We spend a lot of time focusing on college admissions and career planning with kids but not much regarding life planning. As a result, they’re unprepared for the type of character and clarity they’ll need to put together the most important aspects of their life, the parts that bring deep meaning, fulfillment, and satisfaction.
It’s a mistake to plan for your career but not your life.
Episode 88: Future Mistake #3 Overemphasizing Talent
The best research on talent reveals a truth that, in one part, is common sense staring us in the face: when it comes to long-term success and achievement, talent is NOT as important as effort is. According to Angela Duckworth, a famed author and TED talker, effort is twice as important for achievement as natural talent.
In other words, people willing to maintain consistent effort with less talent will always beat a talented person unwilling to put the effort in.
Episode 87: Future Mistake #2 Neglecting Interests
“Follow your passion, and you’ll never work a day in your life.” - Every Graduation Speaker Ever.
You’ve heard that advice before, right? Probably given it a couple of times, too, I bet. I know I have. Well, maybe not exactly verbatim, but something along the lines of: now is the time to figure out what you enjoy and what makes you come alive, then find a career path that suits you. Or, I’ve said contrary advice: whatever you do, don’t do something that doesn’t bring your energy or life.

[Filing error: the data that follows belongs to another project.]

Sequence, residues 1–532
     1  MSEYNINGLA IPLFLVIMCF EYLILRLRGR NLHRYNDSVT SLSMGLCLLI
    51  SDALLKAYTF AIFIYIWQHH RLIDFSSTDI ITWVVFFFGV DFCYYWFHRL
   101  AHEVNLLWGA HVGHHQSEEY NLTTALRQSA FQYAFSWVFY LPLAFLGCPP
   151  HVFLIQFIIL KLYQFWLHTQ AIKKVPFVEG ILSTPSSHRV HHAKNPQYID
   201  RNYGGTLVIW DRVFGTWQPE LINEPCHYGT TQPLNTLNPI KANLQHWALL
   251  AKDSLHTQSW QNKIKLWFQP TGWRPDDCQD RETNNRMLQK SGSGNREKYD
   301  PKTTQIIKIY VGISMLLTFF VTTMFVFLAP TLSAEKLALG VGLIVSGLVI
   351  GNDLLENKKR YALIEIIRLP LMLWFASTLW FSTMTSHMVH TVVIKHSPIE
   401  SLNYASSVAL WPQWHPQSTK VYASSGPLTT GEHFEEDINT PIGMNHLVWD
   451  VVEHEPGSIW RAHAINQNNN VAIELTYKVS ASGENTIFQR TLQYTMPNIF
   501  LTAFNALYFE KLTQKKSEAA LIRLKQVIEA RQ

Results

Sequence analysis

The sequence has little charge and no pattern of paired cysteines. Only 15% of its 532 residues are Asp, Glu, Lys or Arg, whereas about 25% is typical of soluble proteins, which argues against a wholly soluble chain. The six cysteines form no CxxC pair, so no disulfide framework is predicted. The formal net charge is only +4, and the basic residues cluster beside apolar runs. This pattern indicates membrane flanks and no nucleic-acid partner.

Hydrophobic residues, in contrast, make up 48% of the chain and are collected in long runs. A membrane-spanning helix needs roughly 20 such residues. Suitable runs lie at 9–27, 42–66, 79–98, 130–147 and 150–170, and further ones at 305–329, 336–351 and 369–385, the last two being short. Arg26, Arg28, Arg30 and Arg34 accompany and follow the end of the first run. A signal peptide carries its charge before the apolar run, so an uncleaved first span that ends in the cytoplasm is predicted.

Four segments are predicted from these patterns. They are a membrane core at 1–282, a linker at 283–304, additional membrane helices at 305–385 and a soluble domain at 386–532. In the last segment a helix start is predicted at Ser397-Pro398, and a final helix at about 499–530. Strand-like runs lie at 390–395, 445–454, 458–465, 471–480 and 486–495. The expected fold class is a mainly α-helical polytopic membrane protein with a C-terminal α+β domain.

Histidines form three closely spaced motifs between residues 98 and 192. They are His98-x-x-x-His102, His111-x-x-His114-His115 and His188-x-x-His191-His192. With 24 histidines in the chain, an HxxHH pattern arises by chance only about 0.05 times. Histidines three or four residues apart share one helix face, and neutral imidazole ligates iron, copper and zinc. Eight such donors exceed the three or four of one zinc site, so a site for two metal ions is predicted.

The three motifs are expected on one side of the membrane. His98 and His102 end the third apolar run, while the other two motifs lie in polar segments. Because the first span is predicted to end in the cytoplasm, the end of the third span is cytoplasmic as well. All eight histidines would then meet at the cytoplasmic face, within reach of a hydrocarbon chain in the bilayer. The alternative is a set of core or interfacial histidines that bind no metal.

Either way, the message is the same, and yet it’s notoriously difficult to follow.
What do you do if you don’t feel ‘passion’ towards a work activity?
What do you do if something trivial interests you, like In-n-Out or chasing girls?
It’s not a helpful thing to say because it adds stress to an already stressful decision process. Not only do you have to pick something that will pay the bills, but you also need to choose a path that won’t lead you to drudgery or destruction.
It’s not helpful advice, but it doesn’t mean it’s untrue. As my son asked me recently, “How do I figure out what I want to do?” He’s asking for help, guidance, and support—not a blanket platitude that actually brings more anxiety than clarity.
That’s where interest discovery comes in—an iterative process to grow in self-awareness.
Tune in to this week's episode...and read the full article available on our website theyouschool.com/blog
This podcast is exactly what I was looking for, full of relevant information that can be used in your day to day life.